Next as you customize the templates you'll need to change the reference to this file using urllib style references. Eg.




Now write your template using one of the samples. The variables you can define are below:

name: This sounds important but does basically nothing. It's a human readable name for the XML markup. The more important basename variable is described below.

id: you can assign a static id to an element in your template and then refer to it to create symbolic links using the idref variable.

idref Use this to reference an id in the same document and create a symbolic link. This value supersedes a dirname/basename combination when creating symbolic links. I prefer the latter though as I can see a little more clearly what the link is I'm creating. It might make sense in some situations to use IDs if you alot of links defined programatically.

basename: this is the directory or file to be created. It's the relative path or filename. Eg. subdir/folder or default.mel

dirname: this is the absolute path to the parent directory. For the top-level dirtt element it's required; for all others it's optional. It's useful for creating one off elements outside of the tree.

perms: This is the posix style permission string that defaults to 02775

username: This is the owner username locally that will programatically be converted to uid. This allows for flexible gids based on a static name if necessary. (My testing environment is different so this makes it easier for local testing)

group: This is the groupname locally that will programatically be converted to gid.

Look at the examples and even try them out locally in your own test environment.

The template placeholders are defined using enclosing double curly braces. Eg.


The base class does take template variables as a python dictionary but this is something you'll need to explicitly define in your python code. The sample command line tool shows a slightly crude way of doing this by prompting for values from the user. This is again to make it as generic as possible. I prefer to have the logic and error-checking in the front end as there's a ton of different scenarios that this could be used for.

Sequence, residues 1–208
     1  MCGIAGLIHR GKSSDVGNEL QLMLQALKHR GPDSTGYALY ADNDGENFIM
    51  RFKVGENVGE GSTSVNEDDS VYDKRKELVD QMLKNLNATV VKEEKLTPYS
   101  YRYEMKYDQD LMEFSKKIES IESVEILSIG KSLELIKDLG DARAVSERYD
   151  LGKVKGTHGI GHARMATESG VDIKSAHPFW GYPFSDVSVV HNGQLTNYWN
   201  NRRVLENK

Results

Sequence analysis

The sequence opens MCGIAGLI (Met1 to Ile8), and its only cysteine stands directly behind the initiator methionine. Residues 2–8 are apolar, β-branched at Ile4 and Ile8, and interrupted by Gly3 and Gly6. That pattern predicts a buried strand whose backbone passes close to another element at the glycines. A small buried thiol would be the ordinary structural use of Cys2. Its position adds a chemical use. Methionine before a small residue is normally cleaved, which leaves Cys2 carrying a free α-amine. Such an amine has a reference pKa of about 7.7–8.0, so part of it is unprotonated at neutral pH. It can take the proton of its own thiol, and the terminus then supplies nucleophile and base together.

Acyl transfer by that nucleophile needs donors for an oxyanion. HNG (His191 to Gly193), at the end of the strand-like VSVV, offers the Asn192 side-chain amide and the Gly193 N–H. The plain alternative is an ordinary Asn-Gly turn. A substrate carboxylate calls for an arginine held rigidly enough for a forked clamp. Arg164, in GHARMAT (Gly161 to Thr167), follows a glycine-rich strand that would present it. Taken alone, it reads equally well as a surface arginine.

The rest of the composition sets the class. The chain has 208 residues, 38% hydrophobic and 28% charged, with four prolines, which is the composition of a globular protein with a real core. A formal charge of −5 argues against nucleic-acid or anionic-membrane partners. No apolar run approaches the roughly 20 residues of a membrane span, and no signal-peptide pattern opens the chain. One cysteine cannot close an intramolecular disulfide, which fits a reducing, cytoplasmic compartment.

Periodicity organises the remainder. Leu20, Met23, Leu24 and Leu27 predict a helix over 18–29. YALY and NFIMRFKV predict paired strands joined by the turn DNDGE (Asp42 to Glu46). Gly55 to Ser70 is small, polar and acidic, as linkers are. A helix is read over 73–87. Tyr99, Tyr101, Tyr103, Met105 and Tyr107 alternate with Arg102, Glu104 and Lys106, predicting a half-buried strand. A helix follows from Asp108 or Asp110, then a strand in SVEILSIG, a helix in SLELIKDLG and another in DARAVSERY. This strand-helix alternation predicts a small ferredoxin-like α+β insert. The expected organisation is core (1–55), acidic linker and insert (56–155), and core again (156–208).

The templating class is a direct lift from PasteScript, a much bigger python package and really only in there because I didn't want to have dependencies to Cheetah or need them really.

The sample templates represent a pipeline tree derived from a number of different studios I've worked at. I've been a part of many directory tree debates over the years so it's only an example. Don't ask me for an opinion. For some reason, it's a topic of conversation that becomes very personal with supervisors, artists, TDs, engineers, etc. and because everyone has their own way of doing things, there's really no best practice model aside from having some system and sticking to it and focusing on automation so the end user interaction becomes a transparent, search-free experience. Some people like products, others like show/shot, others even like to just focus mundane things like CamelCase, UPPERCASE or lowercase.

Command Line Tool

The command line tool was written more to test the library itself but there's no reason it can't be used as it is. It doesn't have alot of the error checking it probably should have.

The basic usage is:

mkdirt --template file:///path/to/xmls/TEMPLATE.xml --verbose --interactive

This command will parse the template file which needs to be defined using a urllib style string. It can be a file accessible locally or a url. So the template itself could be something that is static data or dynamically generated. The output will be verbose with the verbose flag. Interactive output as well with the interactive flag so if you create your templates using the built-in template language this tool will ask you for values to replace the placeholders.


Here's the links: